Cardiac catheterization is a medical action designed to know your heart's health condition. This procedure is also important to detect whether there is a problem with the heart and treat some heart problems.
|What is cardiac catheterization?|
This procedure is most widely performed to evaluate the health condition of people who often experience chest pain. Pain in the chest is likely a symptom of coronary heart disease. In addition to chest pain, there are various reasons why doctors perform cardiac catheterization.
Indication of cardiac catheterization
Here are some uses for cardiac catheterization:
- Evaluate the flow of blood and oxygen in different parts of your heart.
- Assess the strength of the heart muscle pumping blood throughout the body.
- See how well the heart valve performance.
- Treating coronary heart disease and heart attack.
- Plan the right treatment. Especially if you are just recovering from a heart attack but still feel chest pain, get a medical examination result indicating that you have heart disease, or you are experiencing a heart attack that causes the heart to be severely damaged.
- Corrects heart defects with minor surgery.
- Take a sample of the heart muscle to find out if you are exposed to a heart infection or tumor.
- Examine congenital heart disease in children.
- This is the procedure of cardiac catheterization
- Cardiac catheterization procedures are performed by cardiologist in the hospital. During cardiac catheterization, you will remain conscious and can follow all the instructions of the Doctor. When going through cardiac catheterization procedures, the medical team will inject a sedative medication that will make you feel calm.
Then, the process of cleansing and shearing on the area to be inserted a catheter, which is a tool such as a flexible thin hose. Once clean, the doctor will inject local anesthetic drugs so that you don't feel sick when catheterization is done.
The process of catheterization begins by making a small hole in the blood vessel, followed by the mounting of the tube in the hole, to keep the hole open. Then, the doctor will insert a guide wire from a blood vessel hole to the heart chamber. Afterwards, the catheter is inserted following the guide wire from the veins to the heart. The guide wire will be withdrawn and reissued, while the catheter remains inside.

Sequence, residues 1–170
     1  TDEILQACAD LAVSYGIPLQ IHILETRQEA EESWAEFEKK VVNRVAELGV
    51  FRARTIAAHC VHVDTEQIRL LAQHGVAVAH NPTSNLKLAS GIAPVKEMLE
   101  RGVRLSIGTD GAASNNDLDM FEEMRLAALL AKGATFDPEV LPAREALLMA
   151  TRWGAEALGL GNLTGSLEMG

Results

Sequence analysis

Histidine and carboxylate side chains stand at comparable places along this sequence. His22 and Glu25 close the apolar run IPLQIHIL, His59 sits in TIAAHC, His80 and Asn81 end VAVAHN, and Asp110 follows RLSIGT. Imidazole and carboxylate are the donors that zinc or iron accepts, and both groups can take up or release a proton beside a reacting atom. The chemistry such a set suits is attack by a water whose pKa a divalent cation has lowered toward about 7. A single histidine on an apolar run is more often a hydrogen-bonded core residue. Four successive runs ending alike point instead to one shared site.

The doctor then inserts a contrasting dye into the catheter. The Monitor will record your heart's visible condition from the journey of a contrasting dye in the veins. The results of these recordings will appear on the Operating room monitor screen, making it easier for your doctor to see the state of your heart. Finally, the doctor can start to do the test, medication, or any necessary medical action according to your condition.
During cardiac catheterization, the doctor may also perform coronary angiogram or cardiac angiography. This procedure is performed to determine whether you have a disruption to the coronary artery or not.
Once the cardiac catheterization process is complete, you will be taken to the recovery room for a few hours. While in this room, you are required to sleep on your back with a straight leg condition and should not go out of bed. The medical team will then close a meeting area of the catheterization hole to stop bleeding. Heart rate, pulse, and blood pressure will also be checked.
Risks that may occur
Any medical action, especially those relating to the heart and blood vessels, must have a risk. Similarly, the cardiac catheterization. Here are some possible risks:
- Blood clotting.
- Allergic reactions to drugs or contrast substances.
- Damage to the arteries and heart tissues.
- Heart rhythm Disorder (arrhythmia).
- Kidney damage.
- Heart attack.
- Emboli or influx of air into the blood vessels.
If you are referred to a cardiac catheterization by a physician, prepare yourself the most. Usually, you will be asked to fast at least six hours before the procedure. If you are taking medication, consult the doctor. Inform the doctor if you have allergies to any medications or substances, to prevent unwanted things, whether during or after cardiac catheterization.
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